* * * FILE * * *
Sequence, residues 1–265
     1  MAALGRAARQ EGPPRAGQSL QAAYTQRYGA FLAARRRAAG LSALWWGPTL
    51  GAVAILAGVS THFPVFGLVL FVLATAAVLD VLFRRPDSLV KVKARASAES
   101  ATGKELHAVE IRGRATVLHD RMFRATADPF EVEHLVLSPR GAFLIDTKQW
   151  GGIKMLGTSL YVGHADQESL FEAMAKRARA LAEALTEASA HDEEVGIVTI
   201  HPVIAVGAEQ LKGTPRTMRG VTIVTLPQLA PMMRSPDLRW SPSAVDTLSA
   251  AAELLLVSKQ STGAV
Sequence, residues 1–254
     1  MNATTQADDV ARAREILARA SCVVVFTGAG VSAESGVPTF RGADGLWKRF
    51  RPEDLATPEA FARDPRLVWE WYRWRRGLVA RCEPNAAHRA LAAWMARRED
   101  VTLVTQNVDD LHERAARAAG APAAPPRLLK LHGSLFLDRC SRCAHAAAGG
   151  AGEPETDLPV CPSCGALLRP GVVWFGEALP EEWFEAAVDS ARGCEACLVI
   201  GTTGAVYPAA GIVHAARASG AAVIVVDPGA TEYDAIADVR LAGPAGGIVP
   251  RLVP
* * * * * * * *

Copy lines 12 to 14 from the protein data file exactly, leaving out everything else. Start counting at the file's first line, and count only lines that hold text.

   151  AGEPETDLPV CPSCGALLRP GVVWFGEALP EEWFEAAVDS ARGCEACLVI
   201  GTTGAVYPAA GIVHAARASG AAVIVVDPGA TEYDAIADVR LAGPAGGIVP
   251  RLVP